What happens after a check? If we want to interpret the result—that is, to determine its meaning and significance—a human is required again. That too is an act of testing, but note that it’s possible to perform a check without interpreting the result. This happens in at least two cases: 1) When we give a script to a machine to execute, or 2) when we give a script to a human to execute and when our requirements for the performance of the script emphasize pass-or-fail decisions, rather than the question, “Is there a problem here?”
If there is a problem, it takes sapience to recognize it and sapient acts to address it.
Some organizations emphasize checking vastly more than they emphasize testing. IMVU, at least at the time James Bach and I poked around it, seemed to be that kind of organization (or at least Timothy Fitz’s description of what he found cool about IMVU emphasized that aspect of it). Note that lots of checking is usually a good thing; it’s handy for finding regression problems, for example. Even exclusively checking is not intrinsically a bad thing to do. Right or wrong, good or bad, sufficient or insufficient are value judgements, and they’re up to the person making the decision. From my perspective, though, the problem with a check-focused approach to testing is that it becomes very easy to be satisfied by checks that pass. In the past, I’ve referred to this as the narcotic comfort of the green bar. In other forms, it’s sometimes also called the pesticde paradox, which Beizer named.
For many kinds of checks, a machine might be a much, much better choice than a human. A complex arithmetic calculation is a case in point; give me an algorithm and a machine and a conditional statement for that. Many test ideas can be designed and expressed as a set of machine-decidable checks, and that may be just the ticket for exercising those ideas. High-volume, randomized testing is an exploratory practice enabled by squillions of actions that may include many simple checks; we’re seeking problems that aren’t in our current risk models. Stress testing happens when we throw a squillion actions (which may include many checks) against a system, supposing ahead of time that it will break but not being sure where. Some kinds of performance testing (which may include many checks) may be checking (when we’re seeking to confirm that a system behaves within expected parameters), or it may be testing (when our objective is to vary things and exercise new ideas).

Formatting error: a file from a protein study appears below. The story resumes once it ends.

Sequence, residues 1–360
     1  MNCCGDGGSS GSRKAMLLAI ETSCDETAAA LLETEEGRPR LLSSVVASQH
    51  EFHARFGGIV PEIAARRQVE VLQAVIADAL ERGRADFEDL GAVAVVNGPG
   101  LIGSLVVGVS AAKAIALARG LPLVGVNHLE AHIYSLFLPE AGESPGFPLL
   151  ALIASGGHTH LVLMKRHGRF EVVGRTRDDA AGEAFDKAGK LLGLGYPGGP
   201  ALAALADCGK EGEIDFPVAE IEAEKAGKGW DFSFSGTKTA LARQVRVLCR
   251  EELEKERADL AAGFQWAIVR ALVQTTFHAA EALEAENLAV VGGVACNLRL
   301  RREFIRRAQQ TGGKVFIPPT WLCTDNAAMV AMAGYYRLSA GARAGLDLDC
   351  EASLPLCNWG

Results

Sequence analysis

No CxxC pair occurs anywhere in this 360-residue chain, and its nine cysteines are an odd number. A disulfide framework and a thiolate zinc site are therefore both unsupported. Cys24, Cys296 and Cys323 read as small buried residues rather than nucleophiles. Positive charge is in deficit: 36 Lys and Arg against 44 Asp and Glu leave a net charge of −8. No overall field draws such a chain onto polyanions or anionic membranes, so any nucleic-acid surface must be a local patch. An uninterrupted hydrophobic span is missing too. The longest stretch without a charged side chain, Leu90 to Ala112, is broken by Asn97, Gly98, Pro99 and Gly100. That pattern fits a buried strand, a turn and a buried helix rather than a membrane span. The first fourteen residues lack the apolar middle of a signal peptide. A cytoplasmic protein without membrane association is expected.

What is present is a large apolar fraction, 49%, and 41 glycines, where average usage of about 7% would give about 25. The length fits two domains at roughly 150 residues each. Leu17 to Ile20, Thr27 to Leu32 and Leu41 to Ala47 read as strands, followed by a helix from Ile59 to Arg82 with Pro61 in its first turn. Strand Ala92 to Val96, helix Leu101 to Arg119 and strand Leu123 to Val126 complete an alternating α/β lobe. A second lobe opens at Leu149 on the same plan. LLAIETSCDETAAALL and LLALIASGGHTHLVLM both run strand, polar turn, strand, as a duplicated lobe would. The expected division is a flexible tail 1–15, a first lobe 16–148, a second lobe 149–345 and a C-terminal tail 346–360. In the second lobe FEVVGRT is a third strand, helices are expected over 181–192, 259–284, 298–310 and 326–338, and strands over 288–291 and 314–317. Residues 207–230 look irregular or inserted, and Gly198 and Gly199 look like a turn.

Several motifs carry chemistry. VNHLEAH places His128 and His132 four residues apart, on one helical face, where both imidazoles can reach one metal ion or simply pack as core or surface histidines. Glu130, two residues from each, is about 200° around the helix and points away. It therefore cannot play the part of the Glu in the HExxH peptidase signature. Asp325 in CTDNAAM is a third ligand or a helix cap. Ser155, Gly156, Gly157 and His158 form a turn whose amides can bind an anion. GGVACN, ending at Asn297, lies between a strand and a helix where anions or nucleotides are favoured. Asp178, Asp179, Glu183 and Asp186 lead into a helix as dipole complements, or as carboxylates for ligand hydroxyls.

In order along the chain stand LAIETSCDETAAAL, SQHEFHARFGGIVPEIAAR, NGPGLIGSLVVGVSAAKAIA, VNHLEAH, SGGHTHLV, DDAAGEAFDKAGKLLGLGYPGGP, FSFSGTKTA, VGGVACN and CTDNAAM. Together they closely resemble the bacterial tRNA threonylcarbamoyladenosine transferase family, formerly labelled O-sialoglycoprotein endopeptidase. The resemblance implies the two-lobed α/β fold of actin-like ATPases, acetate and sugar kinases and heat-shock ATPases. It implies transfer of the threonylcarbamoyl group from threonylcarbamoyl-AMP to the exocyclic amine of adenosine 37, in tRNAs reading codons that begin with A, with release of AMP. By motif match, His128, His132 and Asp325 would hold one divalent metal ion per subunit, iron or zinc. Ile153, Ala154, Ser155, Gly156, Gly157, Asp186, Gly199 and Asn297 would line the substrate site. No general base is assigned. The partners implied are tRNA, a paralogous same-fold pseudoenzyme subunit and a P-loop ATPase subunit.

But in other contexts, things get dicier. For example, a set of checks that compare strings of text with a table of known words is faster than having a human read through a long document. Yet if a peace of text or a hole duck you meant whirr interpreted by dicked Asian soft wear, you’d probably want to test it, in addition to checking it, and if you wanted to evaluate the quality of the arguments in the document, checks wouldn’t really do the trick. More formally, checks may be adequate for syntactic evaluation, but semantic evaluation still needs humans to test. Notice that they’re called spelling checkers and grammar checkers, rather than spelling or grammar testers.
A development strategy that emphasizes checking at the expense of testing is one in which we’ll emphasize confirmation of existing knowledge over discovery of new knowledge. That might be okay. A few checks might constitute sufficient testing for some purpose; no testing and no checking at all might even be sufficient for some purposes. But the more we emphasize checking over testing, and the less testing we do generally, the more we leave ourselves vulnerable to the Black Swan.